I’ll admit it, I’m a map junkie. Everyone nowadays has GPS in their cars or on their iphone, but I love the feel of an actual map in my hands. Sometimes when I’m bored, I’ll just pick up a map and start looking it over, searching for something I’ve never seen before. That’s how I first came across A Studio in the Woods, a tiny dot on a road I never knew existed.

A work of art greets visitors to A Studio in the Woods.


Inside the Main House

A quick Google search and I discovered an artist retreat hidden in 7.6 acres of forest. I quickly joined their mailing list and waited for an invitation to visit. The chance came with their 2nd Annual FORESTival in mid-May, when the front gates and doors to their homes were opened wide to visitors. The mini-festival, complete with music, fish tacos and children’s activities, was secondary to the real reason we visited — to see the house and studios and take a hike through one of the forest trails.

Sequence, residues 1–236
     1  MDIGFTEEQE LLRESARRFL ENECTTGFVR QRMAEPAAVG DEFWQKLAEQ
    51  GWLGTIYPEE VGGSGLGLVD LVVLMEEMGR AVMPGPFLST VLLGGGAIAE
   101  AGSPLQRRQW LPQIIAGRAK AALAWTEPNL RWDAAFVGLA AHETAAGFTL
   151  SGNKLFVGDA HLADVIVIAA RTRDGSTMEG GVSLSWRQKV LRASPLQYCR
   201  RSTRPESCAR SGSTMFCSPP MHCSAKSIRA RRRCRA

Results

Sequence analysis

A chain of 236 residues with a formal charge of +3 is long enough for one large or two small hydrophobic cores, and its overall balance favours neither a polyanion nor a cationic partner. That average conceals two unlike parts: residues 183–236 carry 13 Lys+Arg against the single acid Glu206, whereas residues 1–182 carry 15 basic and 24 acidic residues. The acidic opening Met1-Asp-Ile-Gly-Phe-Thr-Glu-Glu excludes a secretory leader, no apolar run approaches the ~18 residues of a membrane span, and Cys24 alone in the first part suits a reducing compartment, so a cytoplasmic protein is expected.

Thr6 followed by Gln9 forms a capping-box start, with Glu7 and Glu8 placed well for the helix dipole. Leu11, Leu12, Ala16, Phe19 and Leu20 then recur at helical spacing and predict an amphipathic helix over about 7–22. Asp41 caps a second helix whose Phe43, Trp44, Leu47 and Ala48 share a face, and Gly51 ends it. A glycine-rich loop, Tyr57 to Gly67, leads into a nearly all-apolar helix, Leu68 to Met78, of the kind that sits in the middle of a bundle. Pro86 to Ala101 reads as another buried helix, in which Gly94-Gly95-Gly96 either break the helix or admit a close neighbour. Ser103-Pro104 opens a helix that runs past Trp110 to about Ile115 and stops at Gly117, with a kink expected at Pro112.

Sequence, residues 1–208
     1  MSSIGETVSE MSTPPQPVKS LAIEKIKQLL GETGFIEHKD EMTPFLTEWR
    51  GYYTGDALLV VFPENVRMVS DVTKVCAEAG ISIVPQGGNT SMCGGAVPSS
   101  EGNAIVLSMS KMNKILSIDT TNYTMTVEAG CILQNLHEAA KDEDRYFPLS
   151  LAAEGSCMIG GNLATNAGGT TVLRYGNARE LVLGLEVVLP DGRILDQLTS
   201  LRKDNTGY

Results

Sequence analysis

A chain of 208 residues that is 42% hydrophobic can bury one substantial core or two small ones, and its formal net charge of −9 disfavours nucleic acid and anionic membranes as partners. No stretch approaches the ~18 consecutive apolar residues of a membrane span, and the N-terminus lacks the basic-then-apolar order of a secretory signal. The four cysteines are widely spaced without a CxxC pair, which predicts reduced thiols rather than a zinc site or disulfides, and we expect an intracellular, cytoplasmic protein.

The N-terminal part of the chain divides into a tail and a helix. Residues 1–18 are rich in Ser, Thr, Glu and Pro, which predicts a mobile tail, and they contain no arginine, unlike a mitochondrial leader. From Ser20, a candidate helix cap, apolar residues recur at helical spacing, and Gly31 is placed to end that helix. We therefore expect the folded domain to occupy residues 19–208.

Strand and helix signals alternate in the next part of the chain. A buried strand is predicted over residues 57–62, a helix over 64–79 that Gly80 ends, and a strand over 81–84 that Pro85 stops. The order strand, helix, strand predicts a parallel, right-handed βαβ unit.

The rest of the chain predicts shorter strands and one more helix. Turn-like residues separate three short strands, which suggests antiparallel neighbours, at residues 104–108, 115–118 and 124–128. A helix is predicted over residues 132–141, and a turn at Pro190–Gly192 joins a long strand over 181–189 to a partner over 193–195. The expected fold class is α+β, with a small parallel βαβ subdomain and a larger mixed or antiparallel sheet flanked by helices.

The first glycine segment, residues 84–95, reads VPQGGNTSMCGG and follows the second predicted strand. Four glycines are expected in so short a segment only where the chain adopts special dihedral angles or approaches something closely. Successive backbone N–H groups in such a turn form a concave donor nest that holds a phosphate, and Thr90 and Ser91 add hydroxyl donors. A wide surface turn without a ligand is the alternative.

The main house, mostly built of reclaimed wood, was beautiful and eclectic at the same time. The cozy cabin feel of its initial core took on a disheveled look as assorted rooms were added in later years. Our time spent inside was cut short by two squirming kids, though, who we later occupied with lunch on a pier overlooking the pond.

Exploring the wooded trails

We explored it all, touring the gallery of art work and trying our hand at making clay roots for a communal tree sculpture. For Charles, the highlight of his “adventure” was the cicada shell we found during our walk in the woods. He had brought along his bug catcher and was begging me to snag him a spider, but fortunately Paul satisfied him by finding the unoccupied shell clinging to a nearby tree.

August, on the other hand, simply took it all in, enjoying the day as much as any other. It was a nice, small outing, offering an enclosed space large enough to explore, but small enough to not worry about keeping tabs on your kid every second. On our way out, we admired the steel gates gracing the entrance before crossing the street and scaling the levee to take in the record-high waters of the Mississippi River.

Steel gates guarding the entrance


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